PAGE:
'Gospel of Jesus' Wife' Historian Admits to Having Doubts About Authenticity

A Harvard historian admitted recently that she "absolutely" has doubts about the authenticity of the ancient papyrus fragment that she calls the "Gospel of Jesus' Wife."

Since Professor Karen King of Harvard Divinity School unveiled the torn piece of papyrus last week in Rome, many experts in Coptic manuscripts have expressed extreme skepticism and believe it is forgery. But King told Time magazine that she welcomes that discussion.

"Part of the reason for making it public at the Coptic conference in Rome was to engender a discussion about the fragment, about its authenticity, about its meaning, and to raise questions before we went to publication with it," she told the magazine. "So I actually welcome a lot of the comments that have been made."

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Though the experts she consulted after receiving the papyrus from a private collector last December have concluded that it is "very likely" an authentic ancient text from the fourth century, she acknowledged that more analysis is needed.

"I think something like this needs to be questioned further," she told Time. "We are going ahead with tests about the chemical composition of the ink that won't absolutely resolve the issue but will certainly give us one more piece of evidence."

The fragment is a small, torn papyrus that has eight incomplete lines of Coptic script. Nothing is known about the circumstances of its discovery except that it may have been excavated from an area in Upper Egypt.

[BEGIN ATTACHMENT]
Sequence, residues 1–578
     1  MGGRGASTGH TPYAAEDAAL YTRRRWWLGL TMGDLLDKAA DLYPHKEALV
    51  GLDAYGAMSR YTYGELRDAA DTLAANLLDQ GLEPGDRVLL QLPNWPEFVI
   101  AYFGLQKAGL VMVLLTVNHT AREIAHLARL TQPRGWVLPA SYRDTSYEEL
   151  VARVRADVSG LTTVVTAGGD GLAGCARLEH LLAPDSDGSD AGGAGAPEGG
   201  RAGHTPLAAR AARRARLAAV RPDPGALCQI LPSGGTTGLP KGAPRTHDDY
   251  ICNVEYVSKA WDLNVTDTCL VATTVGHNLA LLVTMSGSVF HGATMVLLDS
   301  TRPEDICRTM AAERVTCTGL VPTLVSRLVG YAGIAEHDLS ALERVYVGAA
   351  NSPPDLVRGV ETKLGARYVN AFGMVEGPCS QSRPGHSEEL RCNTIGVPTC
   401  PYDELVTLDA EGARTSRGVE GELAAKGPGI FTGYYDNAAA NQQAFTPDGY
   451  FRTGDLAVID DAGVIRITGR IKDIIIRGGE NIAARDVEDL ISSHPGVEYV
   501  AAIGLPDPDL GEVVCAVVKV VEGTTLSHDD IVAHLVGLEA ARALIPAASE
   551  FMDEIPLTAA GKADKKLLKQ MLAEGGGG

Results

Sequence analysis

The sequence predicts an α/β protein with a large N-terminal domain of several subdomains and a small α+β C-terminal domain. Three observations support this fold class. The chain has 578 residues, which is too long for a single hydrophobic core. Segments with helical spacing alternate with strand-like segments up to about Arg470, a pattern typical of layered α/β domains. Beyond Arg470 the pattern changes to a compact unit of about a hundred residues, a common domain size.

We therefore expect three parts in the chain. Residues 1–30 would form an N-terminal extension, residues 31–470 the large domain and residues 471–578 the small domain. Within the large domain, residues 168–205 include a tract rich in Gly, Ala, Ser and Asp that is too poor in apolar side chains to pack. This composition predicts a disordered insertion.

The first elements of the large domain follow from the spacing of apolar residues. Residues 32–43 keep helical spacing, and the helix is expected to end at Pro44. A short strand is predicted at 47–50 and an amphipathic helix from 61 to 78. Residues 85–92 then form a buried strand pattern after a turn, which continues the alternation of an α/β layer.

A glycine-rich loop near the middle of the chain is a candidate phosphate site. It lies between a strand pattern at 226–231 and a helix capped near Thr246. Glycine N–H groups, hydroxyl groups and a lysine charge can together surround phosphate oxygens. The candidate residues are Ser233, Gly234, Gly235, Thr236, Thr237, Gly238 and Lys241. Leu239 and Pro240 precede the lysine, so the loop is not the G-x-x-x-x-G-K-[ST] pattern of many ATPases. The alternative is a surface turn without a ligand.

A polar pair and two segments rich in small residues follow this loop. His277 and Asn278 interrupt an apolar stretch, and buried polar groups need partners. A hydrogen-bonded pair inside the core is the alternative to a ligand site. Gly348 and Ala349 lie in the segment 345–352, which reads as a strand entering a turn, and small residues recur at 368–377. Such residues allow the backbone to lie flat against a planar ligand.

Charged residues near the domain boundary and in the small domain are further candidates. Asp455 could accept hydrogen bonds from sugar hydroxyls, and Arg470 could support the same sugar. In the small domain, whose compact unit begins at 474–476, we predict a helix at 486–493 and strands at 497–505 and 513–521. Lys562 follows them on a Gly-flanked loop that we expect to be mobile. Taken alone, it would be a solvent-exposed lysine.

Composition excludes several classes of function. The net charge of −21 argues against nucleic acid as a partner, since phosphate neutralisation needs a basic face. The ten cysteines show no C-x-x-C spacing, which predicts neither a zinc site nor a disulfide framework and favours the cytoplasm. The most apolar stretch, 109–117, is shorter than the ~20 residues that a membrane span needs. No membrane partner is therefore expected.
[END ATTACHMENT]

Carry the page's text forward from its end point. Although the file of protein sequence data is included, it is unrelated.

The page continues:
Some of the phrases on the papyrus include (translated):

  • …" Jesus said to them, "My wife …
  • … she will be able to be my disciple …

Those two incomplete phrases have led King to conclude that some early Christians believed Jesus may have been married.

"Of course, one needs to consider all the possibilities. The notion of the church or a sister-wife (a female Platonic companion) or the bride in the Book of Revelations, these are all possibilities," she said to Time. "But the next extant line says: 'She will be able to be my disciple.' That doesn't strike me as something one would say, for example, about the church."

Christian scholars do not view the discovery as significant. In addition to some questioning its authenticity, some say that against the mountain of texts that they do have indicating that Jesus was single, this is just a single (and incomplete) text that likely came from a fringe gnostic group, Darrell L. Bock, senior research professor of New Testament Studies at Dallas Theological Seminary, stated earlier to CP.

King's analysis on the "Gospel of Jesus' Wife" may not make it to the January edition of the Harvard Theological Review.

Kevin Madigan, co-editor of the Harvard Theological Review, said he did not commit to a January publication and that it would depend on ongoing studies, according to The Associated Press.

A draft of her paper has already been released by Harvard Divinity School. A version of King's analysis was submitted to the Harvard Theological Review in August. While one reviewer accepted the fragment, two others raised questions and suggested review by experienced Coptic papyrologists and testing of the chemical composition of the ink.

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